Yes, Steel Shot is a Lot Worse than You Think!

For many years, manufacturers have touted and spouted that “steel patterns tighter than lead.” All you have to do is shoot a steel load through a “Modified” factory choke, and instantly you get “Full Choke” patterns. It isn't true and it never was true.

Fired through my 3 inch Benelli Vinci with a factory “Modified” choke, 3 inch unfolded length 1-1/4 oz. #2 steel loads (Black Cloud) yielded no better than 66% 40 yard patterns. Through a Browning Maxus Invector Plus “Modified” tube (called “Full for Steel” by Browning) the Black Cloud loads did worse, averaging 58% 40 yard patterns. Winchester Blind Side steel loads did worse still, through both guns.

Yet, with the factory “Modified” choke out of a Fabarm L4S shooting 1-1/4 oz. lead loads, you can get 84% patterns with good ammo: .

Even 1-1/4 oz. buffered #5 lead loads out of a 20 gauge yield close to 69% pattern efficiencies, better than most 12 gauge steel loads. If you are hunting pheasants with #2 steel, for example, you're at a significant disadvantage with steel.

#2 steel, even launched at 1550 fps, is less lethal than #5 lead at all ranges. A common 1330 fps #5 lead load has 2.11 inches of penetration at 40 yards. #2 steel compares poorly, with 1.72 inches @ 40 yards with a 1400 fps muzzle velocity, 1.86 inches with 1550 fps muzzle velocity.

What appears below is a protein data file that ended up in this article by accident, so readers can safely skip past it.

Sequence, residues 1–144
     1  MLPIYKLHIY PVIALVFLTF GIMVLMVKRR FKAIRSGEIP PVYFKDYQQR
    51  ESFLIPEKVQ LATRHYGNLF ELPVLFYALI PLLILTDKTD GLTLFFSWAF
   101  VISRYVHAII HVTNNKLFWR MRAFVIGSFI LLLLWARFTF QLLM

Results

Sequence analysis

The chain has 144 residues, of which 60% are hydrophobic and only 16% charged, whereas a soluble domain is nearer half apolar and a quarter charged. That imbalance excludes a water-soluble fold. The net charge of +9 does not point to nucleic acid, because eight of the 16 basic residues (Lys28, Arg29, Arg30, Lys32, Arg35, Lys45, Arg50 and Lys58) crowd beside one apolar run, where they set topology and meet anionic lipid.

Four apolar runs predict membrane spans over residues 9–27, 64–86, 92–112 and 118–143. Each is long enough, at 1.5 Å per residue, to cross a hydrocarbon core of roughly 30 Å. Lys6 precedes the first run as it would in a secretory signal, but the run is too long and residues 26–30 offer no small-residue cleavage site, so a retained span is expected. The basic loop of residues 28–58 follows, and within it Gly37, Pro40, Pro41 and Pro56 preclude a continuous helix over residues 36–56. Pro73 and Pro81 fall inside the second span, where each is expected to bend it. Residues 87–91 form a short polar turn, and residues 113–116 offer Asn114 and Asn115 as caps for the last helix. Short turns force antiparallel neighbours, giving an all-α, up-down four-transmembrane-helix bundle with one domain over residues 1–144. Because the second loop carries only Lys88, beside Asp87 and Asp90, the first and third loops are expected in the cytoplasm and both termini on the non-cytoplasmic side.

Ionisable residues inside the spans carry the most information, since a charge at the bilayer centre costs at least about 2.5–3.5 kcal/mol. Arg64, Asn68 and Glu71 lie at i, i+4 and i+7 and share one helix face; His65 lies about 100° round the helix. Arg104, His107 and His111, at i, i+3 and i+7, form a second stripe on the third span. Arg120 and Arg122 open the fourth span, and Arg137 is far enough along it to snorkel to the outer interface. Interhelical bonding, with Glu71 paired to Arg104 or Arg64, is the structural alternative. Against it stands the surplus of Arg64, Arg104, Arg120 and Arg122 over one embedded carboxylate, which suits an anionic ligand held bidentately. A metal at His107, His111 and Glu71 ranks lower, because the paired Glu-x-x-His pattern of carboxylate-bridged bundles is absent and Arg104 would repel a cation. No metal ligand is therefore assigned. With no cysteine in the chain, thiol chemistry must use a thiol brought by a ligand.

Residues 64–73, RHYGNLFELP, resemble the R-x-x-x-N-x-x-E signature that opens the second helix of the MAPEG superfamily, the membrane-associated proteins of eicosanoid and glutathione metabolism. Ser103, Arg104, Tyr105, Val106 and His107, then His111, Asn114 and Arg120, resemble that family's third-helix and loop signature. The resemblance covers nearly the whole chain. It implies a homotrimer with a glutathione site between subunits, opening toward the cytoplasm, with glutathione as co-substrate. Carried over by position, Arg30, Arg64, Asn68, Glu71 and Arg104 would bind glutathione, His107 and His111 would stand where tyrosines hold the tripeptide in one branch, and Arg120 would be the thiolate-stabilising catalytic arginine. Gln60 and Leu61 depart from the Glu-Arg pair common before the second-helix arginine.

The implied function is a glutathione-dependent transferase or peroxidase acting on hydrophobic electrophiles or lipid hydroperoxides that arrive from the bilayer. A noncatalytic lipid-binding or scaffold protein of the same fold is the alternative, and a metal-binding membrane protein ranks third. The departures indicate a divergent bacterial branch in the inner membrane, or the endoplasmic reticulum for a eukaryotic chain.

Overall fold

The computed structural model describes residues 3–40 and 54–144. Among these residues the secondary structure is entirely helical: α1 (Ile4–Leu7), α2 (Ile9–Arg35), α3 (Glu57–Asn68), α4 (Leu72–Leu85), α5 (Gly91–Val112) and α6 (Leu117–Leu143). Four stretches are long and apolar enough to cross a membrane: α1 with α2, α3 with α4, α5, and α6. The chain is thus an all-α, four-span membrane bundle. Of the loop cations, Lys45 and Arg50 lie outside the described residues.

Steel often gives similar or lesser pattern percentages at 40 yards. Even if we assume the same pattern percentage, steel sucks and sucks badly. Assuming a 65% 40 yard pattern percentage for #2 steel and #5 lead, it is a percentage of "what" that matters. Lead #5 putting 65% of its 1-1/4 oz. pattern in a 30 inch circle at 40 yards is 65% of about 214 pellets. With 1-1/4 oz. of #2 steel, you only have 155 pellets to start with.

Steel #2 @ 65% = 100 pellets on target. Lead #5 @ 65% = 139 pellets on target. To say lead is at least 40% more lethal than steel is the best available version of the truth, for you have about 40% more pellets on target and those pellets all have better penetration than steel. If you try larger than #2 steel, the pellet count suffers even more. If you go with #3 steel, the already poor comparative penetration of #2 steel gets even worse.

Steel is a miserable, horrible pheasant-crippler at longer ranges. How could anyone think differently?

Copyright 2015 by Randy Wakeman. All Rights Reserved.



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